05
Pentacles comprises one long story and four short poems by Sabarna Roy. The work delightfully bridges the gap between the mundane and arcane writings of today and provides an interesting, yet intellectually stimulating, treat for the discerning reader. New Life is a long story written from the perspective of a successful adult whose mother had deserted the family for another man. The teenage angst and the scars it has left behind on the psyche of the protagonist are subtly reflected in the character. The different elements and characters of the story are beautifully interwoven to produce an intense and compelling story of an adult haunted by the trauma of being deserted by his mother. The work is interspersed with thought-provoking views on issues like love and socio-economic conditions in India. The traditional rhyme and metre dominated poems are on love, loss and longing. Unshackled by the bonds of rhyme and metre, Sabarna s free verses evoke the stark reality of urban life, hitting you straight in the guts. The use of everyday urban imagery adds to the appeal of the compositions. The concrete prison of urban life and the unfulfilled desire to escape to a simple life is aptly brought out in The Tower. The other poems of the collection are more biographical in nature with the protagonist being the member of the fairer sex. The free verses sketch out their life story with its attendant pathos, poignancy and logic. The best part of all the compositions is that the reader will definitely identify with the poet and will, in one form or other, have similar stories to narrate.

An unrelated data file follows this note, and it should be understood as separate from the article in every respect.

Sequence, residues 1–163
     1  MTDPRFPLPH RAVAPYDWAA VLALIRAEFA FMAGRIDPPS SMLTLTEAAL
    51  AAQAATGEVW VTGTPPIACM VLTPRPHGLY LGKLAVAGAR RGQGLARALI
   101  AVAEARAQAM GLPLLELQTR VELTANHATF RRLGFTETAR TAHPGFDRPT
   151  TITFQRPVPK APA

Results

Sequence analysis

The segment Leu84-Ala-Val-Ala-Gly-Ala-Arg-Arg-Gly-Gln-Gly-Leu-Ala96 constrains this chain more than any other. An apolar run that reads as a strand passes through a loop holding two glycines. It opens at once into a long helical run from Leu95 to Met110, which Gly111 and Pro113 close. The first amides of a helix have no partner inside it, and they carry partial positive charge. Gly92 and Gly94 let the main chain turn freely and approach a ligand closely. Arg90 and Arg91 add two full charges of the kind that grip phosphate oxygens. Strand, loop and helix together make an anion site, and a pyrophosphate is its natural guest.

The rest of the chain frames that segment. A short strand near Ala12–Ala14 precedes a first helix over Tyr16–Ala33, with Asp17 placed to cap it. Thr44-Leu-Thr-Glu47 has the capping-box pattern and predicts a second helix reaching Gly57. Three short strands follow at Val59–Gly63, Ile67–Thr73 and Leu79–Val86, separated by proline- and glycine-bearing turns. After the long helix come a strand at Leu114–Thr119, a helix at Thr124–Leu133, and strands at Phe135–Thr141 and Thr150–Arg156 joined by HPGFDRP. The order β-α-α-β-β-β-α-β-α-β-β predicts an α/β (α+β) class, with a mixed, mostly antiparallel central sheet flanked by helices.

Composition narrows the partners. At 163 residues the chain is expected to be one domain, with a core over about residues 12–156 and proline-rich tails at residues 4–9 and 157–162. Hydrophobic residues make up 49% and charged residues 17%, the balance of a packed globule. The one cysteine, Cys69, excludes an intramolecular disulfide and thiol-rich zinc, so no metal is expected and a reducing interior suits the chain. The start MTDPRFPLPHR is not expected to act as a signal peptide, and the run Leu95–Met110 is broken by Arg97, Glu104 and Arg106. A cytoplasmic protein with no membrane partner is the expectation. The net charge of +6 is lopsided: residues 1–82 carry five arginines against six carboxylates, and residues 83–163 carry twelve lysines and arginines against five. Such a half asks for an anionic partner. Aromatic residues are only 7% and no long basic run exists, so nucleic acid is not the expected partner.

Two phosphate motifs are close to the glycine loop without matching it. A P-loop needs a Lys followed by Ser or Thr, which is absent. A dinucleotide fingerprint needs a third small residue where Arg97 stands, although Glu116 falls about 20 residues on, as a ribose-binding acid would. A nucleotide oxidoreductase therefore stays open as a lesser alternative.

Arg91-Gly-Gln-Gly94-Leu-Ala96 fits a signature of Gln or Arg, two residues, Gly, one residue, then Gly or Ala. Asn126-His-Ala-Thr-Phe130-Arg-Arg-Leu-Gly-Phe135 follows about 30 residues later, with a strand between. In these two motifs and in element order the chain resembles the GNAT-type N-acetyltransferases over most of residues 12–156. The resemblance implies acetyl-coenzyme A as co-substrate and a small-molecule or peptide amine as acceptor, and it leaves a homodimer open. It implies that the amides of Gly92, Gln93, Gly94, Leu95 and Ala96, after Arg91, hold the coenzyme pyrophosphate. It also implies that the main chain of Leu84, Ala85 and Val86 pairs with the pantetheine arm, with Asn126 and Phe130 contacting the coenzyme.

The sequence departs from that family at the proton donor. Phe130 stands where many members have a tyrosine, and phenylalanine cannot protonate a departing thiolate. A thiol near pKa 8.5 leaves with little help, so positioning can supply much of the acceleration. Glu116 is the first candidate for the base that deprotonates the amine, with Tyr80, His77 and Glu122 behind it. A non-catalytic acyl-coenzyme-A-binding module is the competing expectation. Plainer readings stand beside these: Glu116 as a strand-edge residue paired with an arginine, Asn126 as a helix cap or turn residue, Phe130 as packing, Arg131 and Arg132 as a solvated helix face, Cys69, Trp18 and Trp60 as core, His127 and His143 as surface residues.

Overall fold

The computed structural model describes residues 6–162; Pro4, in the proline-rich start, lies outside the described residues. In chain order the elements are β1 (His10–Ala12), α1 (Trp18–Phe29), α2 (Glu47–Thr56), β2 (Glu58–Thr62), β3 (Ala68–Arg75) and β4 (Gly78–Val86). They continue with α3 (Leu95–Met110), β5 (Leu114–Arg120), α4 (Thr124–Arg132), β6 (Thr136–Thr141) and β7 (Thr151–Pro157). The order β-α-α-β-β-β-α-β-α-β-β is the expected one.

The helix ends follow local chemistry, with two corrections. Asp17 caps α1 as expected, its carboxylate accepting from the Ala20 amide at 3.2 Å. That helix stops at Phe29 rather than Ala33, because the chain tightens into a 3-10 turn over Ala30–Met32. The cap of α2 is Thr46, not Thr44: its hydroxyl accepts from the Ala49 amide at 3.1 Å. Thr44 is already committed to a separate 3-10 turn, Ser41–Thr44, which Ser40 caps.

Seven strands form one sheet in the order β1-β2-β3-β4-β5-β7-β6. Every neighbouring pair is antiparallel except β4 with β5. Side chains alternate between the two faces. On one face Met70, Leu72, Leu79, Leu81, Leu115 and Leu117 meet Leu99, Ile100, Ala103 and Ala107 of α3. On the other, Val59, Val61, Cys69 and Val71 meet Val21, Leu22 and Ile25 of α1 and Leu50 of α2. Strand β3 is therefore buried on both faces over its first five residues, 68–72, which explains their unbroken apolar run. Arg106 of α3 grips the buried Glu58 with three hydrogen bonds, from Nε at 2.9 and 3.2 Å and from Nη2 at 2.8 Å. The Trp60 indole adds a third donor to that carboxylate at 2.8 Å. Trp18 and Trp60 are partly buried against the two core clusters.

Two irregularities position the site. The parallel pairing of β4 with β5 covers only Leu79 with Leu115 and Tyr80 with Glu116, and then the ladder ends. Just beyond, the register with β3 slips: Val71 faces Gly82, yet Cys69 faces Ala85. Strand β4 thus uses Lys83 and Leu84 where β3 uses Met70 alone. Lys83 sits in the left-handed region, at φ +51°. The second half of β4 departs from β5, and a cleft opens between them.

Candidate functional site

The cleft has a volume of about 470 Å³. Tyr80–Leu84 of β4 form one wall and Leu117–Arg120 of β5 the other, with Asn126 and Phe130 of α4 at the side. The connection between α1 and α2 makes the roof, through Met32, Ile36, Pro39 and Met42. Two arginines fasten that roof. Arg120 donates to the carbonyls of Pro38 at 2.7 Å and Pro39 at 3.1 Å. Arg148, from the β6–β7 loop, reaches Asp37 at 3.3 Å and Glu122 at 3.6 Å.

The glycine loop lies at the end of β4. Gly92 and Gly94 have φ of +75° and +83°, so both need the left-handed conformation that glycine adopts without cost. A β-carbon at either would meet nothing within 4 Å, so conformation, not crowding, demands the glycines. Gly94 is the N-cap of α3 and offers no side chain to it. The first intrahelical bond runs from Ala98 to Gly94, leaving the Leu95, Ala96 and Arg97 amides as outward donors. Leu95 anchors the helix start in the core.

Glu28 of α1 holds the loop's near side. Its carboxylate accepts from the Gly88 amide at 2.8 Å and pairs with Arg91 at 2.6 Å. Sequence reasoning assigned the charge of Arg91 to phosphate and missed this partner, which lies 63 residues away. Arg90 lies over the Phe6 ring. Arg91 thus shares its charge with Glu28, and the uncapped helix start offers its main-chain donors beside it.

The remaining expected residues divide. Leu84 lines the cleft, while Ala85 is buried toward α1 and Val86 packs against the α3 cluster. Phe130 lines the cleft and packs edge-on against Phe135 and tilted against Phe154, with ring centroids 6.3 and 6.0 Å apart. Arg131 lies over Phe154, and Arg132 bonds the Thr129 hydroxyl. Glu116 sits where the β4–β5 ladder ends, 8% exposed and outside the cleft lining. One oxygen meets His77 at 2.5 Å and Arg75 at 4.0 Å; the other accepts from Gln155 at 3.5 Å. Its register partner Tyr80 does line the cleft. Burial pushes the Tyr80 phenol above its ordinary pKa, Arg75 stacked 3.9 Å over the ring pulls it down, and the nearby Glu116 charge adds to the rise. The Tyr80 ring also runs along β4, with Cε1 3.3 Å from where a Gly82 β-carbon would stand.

06
To readers of Sabarna Roy’s Random Subterranean Mosiac: 2012 – 2018, his latest slim and elegant volume titled Etchings of the First Quarter of 2020: Letters, Ideas, Conversations and Poems comes as another delightful read. In this two-part volume, packaged with a selection of his poems, Roy explores the concepts of duality and constancy in discussions with his daughter. Presented as conversations over coffee and desserts, the talks extend to diverse topics with Lolita at one end and marine conservation at the other. In his poems, Roy and his alter-ego, Sandy, soothe and shock you in turns until you burst out of the last page, breathless and asking for more.

Sabarna Roy’s characters are all around us. He has dabbled in poetry, prose, plays and non-fiction with equal elan and delved into the emptiness and futility of life reminding us of the masters in the trade.
Two quotations from Sabarna Roy’s works will prove the above stated point:
“A question leapt into his mind: Is it possible to achieve true happiness by living a solitary life or is it important to lead a community life where one instinctively believes that one’s own desires are insignificant compared to the desires of others and one works towards fulfillment of their desires as if they are one’s own?

Many questions crossed his mind. Did he secretly crave to believe in god? Was he looking for a god to deflect his loneliness or was his loneliness actually a sense of pride, which was an obstruction between him and his god?
-Forbes India